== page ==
Forsaking the Seat of Honor

August 28, 2016

Bible Text: Luke 14:1, 7-14 |

The other day I was thumbing through a catalogue of Christian books, and – I knew better than this, but I gave into temptation – and read the description of a book recently published by a TV evangelist. The only reason I read it was to be disgusted. And I was:

Success isn’t random (it said)! Sharing eight undeniable qualities of a winner, [the author] encourages you to … [practice] these principles [to] help you become a champion in whatever you pursue!

Bleh! Where’s the Christianity in that?! Follow these rules to manipulate God and everyone else in order to get whatever you want.

And yet, for all my disgust, it certainly seems that in this morning’s gospel Jesus is using the same incentive: Humble yourself, he tells us – which seems familiar enough. But why should we humble ourselves? So that we can be exalted.

Come on. Scheming for exaltation hardly sounds like the Jesus we think we know.

But here’s the thing: exaltation is only bad when it means that one person is being exalted at another person’s expense – that someone is being left behind or forgotten.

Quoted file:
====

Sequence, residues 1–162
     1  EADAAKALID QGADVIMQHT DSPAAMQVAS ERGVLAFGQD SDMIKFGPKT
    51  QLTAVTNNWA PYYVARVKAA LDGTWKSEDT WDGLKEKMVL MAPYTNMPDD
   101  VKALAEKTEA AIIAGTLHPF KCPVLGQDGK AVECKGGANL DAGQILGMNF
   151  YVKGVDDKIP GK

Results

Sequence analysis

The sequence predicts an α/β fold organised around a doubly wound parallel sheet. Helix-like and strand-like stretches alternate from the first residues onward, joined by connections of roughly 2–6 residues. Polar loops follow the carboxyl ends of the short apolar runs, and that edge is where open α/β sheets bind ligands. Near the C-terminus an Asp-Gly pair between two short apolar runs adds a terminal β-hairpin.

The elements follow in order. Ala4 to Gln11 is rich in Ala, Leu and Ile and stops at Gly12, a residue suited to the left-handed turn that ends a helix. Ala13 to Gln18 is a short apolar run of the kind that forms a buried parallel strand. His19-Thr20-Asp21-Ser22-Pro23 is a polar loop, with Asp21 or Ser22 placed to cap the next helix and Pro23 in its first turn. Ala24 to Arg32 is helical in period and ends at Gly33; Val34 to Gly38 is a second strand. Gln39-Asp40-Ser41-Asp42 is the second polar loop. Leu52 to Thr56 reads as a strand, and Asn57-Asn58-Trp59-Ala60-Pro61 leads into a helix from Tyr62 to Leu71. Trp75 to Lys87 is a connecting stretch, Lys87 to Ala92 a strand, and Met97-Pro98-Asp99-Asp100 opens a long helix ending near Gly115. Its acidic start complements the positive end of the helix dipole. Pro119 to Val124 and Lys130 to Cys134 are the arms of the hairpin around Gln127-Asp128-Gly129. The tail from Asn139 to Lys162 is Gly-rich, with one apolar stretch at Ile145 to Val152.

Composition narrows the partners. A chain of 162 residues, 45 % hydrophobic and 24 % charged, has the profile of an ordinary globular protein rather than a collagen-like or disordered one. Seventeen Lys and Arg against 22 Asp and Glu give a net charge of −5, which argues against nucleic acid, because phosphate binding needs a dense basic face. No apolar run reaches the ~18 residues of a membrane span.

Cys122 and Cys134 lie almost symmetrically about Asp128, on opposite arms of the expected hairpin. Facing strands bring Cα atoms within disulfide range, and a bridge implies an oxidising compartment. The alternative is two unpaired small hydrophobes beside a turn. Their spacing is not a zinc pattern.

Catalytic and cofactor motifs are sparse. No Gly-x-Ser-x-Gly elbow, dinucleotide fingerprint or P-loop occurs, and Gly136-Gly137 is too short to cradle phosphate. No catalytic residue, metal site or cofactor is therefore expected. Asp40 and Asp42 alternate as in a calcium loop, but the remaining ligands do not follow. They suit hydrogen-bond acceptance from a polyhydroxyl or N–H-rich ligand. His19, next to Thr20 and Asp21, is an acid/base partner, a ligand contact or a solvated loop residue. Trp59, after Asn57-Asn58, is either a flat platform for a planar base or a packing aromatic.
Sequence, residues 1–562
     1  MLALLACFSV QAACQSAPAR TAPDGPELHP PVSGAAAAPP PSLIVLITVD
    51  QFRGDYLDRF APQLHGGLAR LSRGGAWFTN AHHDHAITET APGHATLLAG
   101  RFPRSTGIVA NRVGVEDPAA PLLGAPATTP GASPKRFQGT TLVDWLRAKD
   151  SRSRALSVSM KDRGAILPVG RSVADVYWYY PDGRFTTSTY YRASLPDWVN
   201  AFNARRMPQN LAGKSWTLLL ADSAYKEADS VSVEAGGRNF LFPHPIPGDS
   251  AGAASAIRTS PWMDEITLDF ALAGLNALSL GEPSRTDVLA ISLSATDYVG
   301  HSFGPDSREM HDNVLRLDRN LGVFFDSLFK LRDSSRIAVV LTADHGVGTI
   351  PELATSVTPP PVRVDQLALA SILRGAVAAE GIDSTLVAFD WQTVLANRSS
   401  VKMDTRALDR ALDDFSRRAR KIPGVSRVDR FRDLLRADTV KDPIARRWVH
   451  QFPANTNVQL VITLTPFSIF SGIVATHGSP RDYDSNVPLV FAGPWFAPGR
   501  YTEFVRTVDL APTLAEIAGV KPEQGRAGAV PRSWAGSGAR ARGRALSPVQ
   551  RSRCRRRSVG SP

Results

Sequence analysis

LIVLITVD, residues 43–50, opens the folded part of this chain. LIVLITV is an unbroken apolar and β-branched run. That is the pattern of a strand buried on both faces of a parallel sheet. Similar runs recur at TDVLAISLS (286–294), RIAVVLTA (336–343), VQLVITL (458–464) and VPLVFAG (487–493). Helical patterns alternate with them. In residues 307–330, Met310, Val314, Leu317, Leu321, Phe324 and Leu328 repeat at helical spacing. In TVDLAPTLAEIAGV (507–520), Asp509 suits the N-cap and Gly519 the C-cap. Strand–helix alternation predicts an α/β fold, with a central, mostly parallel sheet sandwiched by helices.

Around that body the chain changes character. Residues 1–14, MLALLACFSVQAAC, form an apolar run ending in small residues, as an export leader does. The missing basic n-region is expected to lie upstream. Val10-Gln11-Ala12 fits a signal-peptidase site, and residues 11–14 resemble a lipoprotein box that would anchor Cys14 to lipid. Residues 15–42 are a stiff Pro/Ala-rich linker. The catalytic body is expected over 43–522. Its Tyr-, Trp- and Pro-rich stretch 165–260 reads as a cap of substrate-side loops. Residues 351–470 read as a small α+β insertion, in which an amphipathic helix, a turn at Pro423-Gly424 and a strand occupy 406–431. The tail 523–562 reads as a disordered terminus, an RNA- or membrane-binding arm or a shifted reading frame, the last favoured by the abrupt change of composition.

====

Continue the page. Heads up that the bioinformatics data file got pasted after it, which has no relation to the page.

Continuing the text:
That’s what’s at the heart of the “white privilege” dialogue taking place in our country right now. There’s nothing wrong with being white. There’s nothing wrong with having a pleasant life. The wrongness of it comes when our circumstances blind us to the reality of how others live, in circumstances quite different and unchangeable from our own. It’s fine to enjoy good things. But it’s not so fine when our enjoyment is sheltered behind privileged walls – that not only keep others out, but keep us in a position of judgment and condemnation of a world we’re not truly seeing or understanding.

And Jesus is always calling us to risk exploring that world beyond whatever walls make us feel that we belong and that we are safe. And make no mistake: these walls can take many forms.

What is the world like for those who aren’t white?

What is the world like for those raised in poverty?

What is the world like for those raised with an alcoholic or abusive parent, regardless of their race or wealth?

For that matter, what is the world like for those raised in extreme wealth, such that they can never trust that they are desired for anything beyond their resources?